The wearables market had a boost in 2017, and payments played a big part. Notable releases, such as the Fitbit Ionic proved that wearables once restricted to simple tasks such as counting steps or heart rates are getting a new lease of life by becoming payment-enabled.
Forecasters predict that 62 per cent of wearables will feature payment functionality by 2020.
The potential of wearable devices has been questioned in recent years, but global sales of smart wearable devices stood at $16.2 billion in 2016. While their popularity has inevitably been boosted by the global trend towards fitness and wellness, 2017 was the year in which manufacturers looked at how wearables could complement multiple aspects of owners’ lifestyles. This trend looks set to continue in 2018.
This includes anything from monitoring the air quality and humidity in a smart home and adjusting the temperature based on how warm your body is, to helping you improve the quality of your sleep and paying for your morning smoothie. Payments are an integral part of each day, and wearables are among the quickest and easiest ways to pay.
The increase in payment-enabled wearables is driven by two things: demand for contactless payments and improved security.
The popularity of contactless payments isn’t slowing. At the end of 2017, contactless spending in Ireland had grown 265% year-on-year on the Mastercard network. City-dwellers in particular are realising the benefit of contactless payments for transport and paying on-the-go, and wearables make this easier than ever.
There are now numerous ways to pay with wearables, including smartwatches with Samsung Pay, Android Pay or Apple Pay, or fitness-focused wearables such as Garmin Pay or Fitbit Pay.
Sophie Charara, features editor at Wareable says: “Owners of smartwatches and fitness trackers are becoming more psychologically attached to their wearables – much less abandoning them in drawers as a few years ago – and contactless payments is one of those everyday features which has really helped to increase this stickiness. Being able to tap your wrist to get on the tube or pay for snacks can be a dealmaker addition to both single purposes devices – like running wearables and smart jewellery – and do-it-all flagship smartwatches.”
The improved security we see in wearables has been made possible through a process called ‘tokenisation’. Mastercard’s tokenisation system ensures that your 16-digit card number is not used or stored on the wearable device – instead an alternative number, dubbed a ‘token’ with its own associated security credentials, is allocated to each new device. This enables the wearable device to make payments with exactly the same kind of transaction security as your physical chip and PIN card.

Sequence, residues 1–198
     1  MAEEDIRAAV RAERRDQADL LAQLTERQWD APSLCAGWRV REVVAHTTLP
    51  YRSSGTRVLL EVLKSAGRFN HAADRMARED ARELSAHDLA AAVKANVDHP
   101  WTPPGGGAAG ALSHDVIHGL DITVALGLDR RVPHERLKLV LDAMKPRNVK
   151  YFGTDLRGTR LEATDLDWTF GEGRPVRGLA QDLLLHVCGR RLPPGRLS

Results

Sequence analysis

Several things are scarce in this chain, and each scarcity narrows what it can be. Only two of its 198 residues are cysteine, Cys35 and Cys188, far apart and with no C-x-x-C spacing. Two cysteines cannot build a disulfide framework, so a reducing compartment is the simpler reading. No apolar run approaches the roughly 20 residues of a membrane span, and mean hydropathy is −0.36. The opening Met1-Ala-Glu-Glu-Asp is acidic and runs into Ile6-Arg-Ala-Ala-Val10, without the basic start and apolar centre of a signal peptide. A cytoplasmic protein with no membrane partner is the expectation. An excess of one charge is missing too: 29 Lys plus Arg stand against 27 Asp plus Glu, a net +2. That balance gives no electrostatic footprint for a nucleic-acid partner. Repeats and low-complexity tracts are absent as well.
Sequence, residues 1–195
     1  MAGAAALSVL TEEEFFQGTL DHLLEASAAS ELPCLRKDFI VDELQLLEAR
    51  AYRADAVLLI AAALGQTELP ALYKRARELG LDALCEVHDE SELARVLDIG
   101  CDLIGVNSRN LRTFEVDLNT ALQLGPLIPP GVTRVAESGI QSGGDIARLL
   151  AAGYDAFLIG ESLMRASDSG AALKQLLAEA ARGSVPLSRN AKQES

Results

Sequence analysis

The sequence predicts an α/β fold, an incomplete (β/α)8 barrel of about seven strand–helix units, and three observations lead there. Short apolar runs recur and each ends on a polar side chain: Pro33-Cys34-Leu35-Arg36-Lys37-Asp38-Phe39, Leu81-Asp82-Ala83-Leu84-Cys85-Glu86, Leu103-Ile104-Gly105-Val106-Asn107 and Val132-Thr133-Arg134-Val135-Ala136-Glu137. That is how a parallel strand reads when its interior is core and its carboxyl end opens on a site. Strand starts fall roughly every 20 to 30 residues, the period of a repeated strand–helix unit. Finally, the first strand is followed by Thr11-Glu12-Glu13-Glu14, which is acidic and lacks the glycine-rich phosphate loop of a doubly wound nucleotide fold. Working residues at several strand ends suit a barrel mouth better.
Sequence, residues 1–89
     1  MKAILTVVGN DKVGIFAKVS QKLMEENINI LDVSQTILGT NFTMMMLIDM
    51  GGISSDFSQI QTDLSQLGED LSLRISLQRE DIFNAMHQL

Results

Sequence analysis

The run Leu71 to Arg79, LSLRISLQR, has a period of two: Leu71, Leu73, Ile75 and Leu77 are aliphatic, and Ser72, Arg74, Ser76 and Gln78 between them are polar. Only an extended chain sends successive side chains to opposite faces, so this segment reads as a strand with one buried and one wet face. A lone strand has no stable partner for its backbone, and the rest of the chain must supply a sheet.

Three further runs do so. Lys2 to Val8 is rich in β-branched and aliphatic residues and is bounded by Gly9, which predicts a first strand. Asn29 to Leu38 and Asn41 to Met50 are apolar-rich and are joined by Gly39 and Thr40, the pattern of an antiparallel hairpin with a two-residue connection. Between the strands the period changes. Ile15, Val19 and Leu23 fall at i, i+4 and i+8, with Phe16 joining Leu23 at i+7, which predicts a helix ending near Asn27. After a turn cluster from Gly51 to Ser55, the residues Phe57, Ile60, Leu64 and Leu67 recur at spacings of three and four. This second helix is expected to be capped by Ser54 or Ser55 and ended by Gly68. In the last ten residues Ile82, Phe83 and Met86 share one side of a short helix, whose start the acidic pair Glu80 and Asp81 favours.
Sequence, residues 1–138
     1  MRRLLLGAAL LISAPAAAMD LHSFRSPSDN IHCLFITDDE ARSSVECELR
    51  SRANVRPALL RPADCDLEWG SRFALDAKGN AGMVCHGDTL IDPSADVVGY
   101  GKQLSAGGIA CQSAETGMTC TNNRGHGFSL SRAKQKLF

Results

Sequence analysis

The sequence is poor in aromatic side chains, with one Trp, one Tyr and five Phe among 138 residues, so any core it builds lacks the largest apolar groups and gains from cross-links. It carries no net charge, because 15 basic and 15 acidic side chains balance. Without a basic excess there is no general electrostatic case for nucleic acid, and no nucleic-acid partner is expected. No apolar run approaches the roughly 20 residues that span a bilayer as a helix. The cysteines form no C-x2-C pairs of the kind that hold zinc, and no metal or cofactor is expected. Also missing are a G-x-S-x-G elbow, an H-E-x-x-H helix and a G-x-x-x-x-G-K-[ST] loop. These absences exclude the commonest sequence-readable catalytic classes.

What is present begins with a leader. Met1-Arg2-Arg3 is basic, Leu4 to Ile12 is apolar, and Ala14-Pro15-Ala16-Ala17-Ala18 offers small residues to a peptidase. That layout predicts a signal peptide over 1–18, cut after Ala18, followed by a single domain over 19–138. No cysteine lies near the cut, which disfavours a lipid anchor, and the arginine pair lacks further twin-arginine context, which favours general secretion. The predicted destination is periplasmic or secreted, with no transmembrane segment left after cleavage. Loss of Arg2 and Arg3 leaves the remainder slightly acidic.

Contactless payments above €30 require the extra security of a password, PIN or fingerprint which is typically that already used on your connected smartphone. Many wearables such as the Apple Watch use ‘persistent identification’, meaning that once the wearable has been ‘unlocked’ (usually via a connected smartphone) it is ready to pay until such time as the wearer removes it from their wrist.
Manufacturers are moving quickly. In just two months Fitbit Pay and Garmin Pay have launched in 10 countries with multiple card issuers. This is just the beginning. We are working with numerous manufacturers on wearable payments, from smartwatches to fashion and luxury items.
Some of the other trends to look out for in the wearables market in 2018 include:
- More technical health trackers that monitor different aspects of our health and lifestyle, helping identify and prevent illness. Incentives could come in the way of reduced health insurance premiums, as wearables can monitor wearers’ lifestyles.
- Further innovations in using wearables for to manage long-term illness, including smart shoes to help diabetes sufferers.
- More sophisticated smart clothing, following the release of Levi’s Commuter Trucker Jacket with Google in 2017.
- Wearables in more and more places when you travel, allowing holiday companies to offer tailored, individual experiences based on holidaymakers behaviour. Carnival’s Ocean Medallion being one such example.
- More non-tech brands implementing wearable tech into their ranges. Expect to see more fashion, jewellery and sports brands entering the market.
- Smaller and more discrete wearables, such as ‘hearables’.
Article written by Mike Cowen, vice president of digital payments at Mastercard UK and Ireland.